Vælgeromskiftelighedens årsager på udbud og efterspørgselssiden: - en undersøgelse af årsagerne til vælgeromskiftelighed i højt udviklede industrielle demokratier

    Publikation: Bidrag til tidsskriftTidsskriftartikelForskningpeer review

    Resumé

    The stability of voters’ partisan choices from election to election is a key feature of democratic politics, but why it varies across advanced industrial democracies and elections is not well understood. This study makes several key contributions to explaining electoral volatility. Firstly, it is argued and demonstrated that strategic voting plays an independent role in inducing vote switching. Secondly, the analysis shows that demand-side factors—such as socio-economic cleavages and organizations—do not predict voter stability, whereas supply-side factors—such as the party system, government performance, and strategic incentives—do. Thirdly, earlier contradictory findings with respect to the role of the electoral system are clarified, as its effects are shown to be indirect rather than direct. And finally, the importance of the temporal dimension to stability is demonstrated, as the time since the previous election is found to have a positive effect on volatility. The results are based on a comprehensive statistical analysis of 336 elections in 21 countries between 1950–2005, where the significance as well as the robustness of individual variables across different model specifications inform the conclusions.
    Bidragets oversatte titelVælgeromskiftelighedens årsager på udbud og efterspørgselssiden: - en undersøgelse af årsagerne til vælgeromskiftelighed i højt udviklede industrielle demokratier
    OriginalsprogEngelsk
    TidsskriftPublic Choice
    Vol/bind156
    Udgave nummer3-4
    Sider (fra-til)537-561
    ISSN0048-5829
    DOI
    StatusUdgivet - sep. 2013

    Emneord

    • Vælgeromskiftelighed

    Citer dette

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    abstract = "The stability of voters’ partisan choices from election to election is a key feature of democratic politics, but why it varies across advanced industrial democracies and elections is not well understood. This study makes several key contributions to explaining electoral volatility. Firstly, it is argued and demonstrated that strategic voting plays an independent role in inducing vote switching. Secondly, the analysis shows that demand-side factors—such as socio-economic cleavages and organizations—do not predict voter stability, whereas supply-side factors—such as the party system, government performance, and strategic incentives—do. Thirdly, earlier contradictory findings with respect to the role of the electoral system are clarified, as its effects are shown to be indirect rather than direct. And finally, the importance of the temporal dimension to stability is demonstrated, as the time since the previous election is found to have a positive effect on volatility. The results are based on a comprehensive statistical analysis of 336 elections in 21 countries between 1950–2005, where the significance as well as the robustness of individual variables across different model specifications inform the conclusions.",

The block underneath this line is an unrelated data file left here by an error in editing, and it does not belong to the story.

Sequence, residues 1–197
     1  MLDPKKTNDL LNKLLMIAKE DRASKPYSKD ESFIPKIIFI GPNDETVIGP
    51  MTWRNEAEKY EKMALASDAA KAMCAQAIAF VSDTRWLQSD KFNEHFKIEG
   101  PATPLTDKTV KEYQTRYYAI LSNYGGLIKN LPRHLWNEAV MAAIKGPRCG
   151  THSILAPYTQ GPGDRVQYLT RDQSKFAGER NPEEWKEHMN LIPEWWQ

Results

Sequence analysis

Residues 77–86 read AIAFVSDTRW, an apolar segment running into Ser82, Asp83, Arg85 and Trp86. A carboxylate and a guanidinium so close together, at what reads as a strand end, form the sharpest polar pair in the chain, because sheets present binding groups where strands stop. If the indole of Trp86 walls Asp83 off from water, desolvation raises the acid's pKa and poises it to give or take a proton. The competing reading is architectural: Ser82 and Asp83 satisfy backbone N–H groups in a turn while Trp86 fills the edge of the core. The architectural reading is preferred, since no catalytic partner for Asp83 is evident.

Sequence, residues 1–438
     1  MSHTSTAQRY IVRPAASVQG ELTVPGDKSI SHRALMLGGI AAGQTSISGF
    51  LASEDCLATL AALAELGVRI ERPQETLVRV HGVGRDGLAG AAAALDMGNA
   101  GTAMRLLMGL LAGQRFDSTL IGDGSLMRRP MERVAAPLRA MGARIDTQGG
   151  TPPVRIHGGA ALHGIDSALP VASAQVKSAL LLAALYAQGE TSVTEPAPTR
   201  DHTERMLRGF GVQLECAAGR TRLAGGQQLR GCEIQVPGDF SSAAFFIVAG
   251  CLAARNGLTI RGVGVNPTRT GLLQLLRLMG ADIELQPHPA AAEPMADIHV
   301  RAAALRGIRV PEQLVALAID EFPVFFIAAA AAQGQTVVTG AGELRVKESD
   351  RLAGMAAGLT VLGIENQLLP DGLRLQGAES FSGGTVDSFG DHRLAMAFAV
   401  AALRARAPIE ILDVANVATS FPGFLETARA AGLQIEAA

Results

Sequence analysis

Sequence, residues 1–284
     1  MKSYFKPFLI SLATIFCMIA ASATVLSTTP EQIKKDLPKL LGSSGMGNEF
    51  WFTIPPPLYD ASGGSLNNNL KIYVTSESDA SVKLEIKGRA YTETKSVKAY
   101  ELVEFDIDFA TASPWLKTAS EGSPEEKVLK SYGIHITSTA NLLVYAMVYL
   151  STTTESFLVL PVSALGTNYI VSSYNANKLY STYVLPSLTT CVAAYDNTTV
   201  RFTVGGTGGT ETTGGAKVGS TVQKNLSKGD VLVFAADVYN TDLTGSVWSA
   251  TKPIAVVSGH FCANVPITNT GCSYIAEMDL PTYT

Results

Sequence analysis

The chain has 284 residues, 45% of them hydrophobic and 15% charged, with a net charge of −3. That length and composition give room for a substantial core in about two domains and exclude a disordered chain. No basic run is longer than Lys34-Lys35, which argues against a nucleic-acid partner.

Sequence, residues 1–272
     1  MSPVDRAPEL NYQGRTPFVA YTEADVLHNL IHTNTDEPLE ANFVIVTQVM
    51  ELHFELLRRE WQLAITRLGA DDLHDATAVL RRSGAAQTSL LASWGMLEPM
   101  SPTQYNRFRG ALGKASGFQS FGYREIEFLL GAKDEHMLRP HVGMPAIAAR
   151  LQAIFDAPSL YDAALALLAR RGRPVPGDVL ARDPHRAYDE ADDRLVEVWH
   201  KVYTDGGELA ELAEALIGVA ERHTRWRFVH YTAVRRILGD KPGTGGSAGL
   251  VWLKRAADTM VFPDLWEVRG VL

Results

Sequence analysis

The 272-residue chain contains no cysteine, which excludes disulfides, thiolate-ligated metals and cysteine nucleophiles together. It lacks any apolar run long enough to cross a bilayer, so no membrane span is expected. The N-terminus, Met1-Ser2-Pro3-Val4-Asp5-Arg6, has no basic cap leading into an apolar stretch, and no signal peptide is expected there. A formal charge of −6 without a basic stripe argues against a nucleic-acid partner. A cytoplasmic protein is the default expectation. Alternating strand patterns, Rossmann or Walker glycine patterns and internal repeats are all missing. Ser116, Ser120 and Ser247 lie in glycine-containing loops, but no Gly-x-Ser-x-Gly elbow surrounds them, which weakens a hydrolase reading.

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    Electorally Unstable by Demand or Supply? An examination of the causes of electoral volatility in advanced industrial democracies. / Bischoff, Carina Saxlund.

    I: Public Choice, Bind 156, Nr. 3-4, 09.2013, s. 537-561.

    Publikation: Bidrag til tidsskriftTidsskriftartikelForskningpeer review

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    N2 - The stability of voters’ partisan choices from election to election is a key feature of democratic politics, but why it varies across advanced industrial democracies and elections is not well understood. This study makes several key contributions to explaining electoral volatility. Firstly, it is argued and demonstrated that strategic voting plays an independent role in inducing vote switching. Secondly, the analysis shows that demand-side factors—such as socio-economic cleavages and organizations—do not predict voter stability, whereas supply-side factors—such as the party system, government performance, and strategic incentives—do. Thirdly, earlier contradictory findings with respect to the role of the electoral system are clarified, as its effects are shown to be indirect rather than direct. And finally, the importance of the temporal dimension to stability is demonstrated, as the time since the previous election is found to have a positive effect on volatility. The results are based on a comprehensive statistical analysis of 336 elections in 21 countries between 1950–2005, where the significance as well as the robustness of individual variables across different model specifications inform the conclusions.

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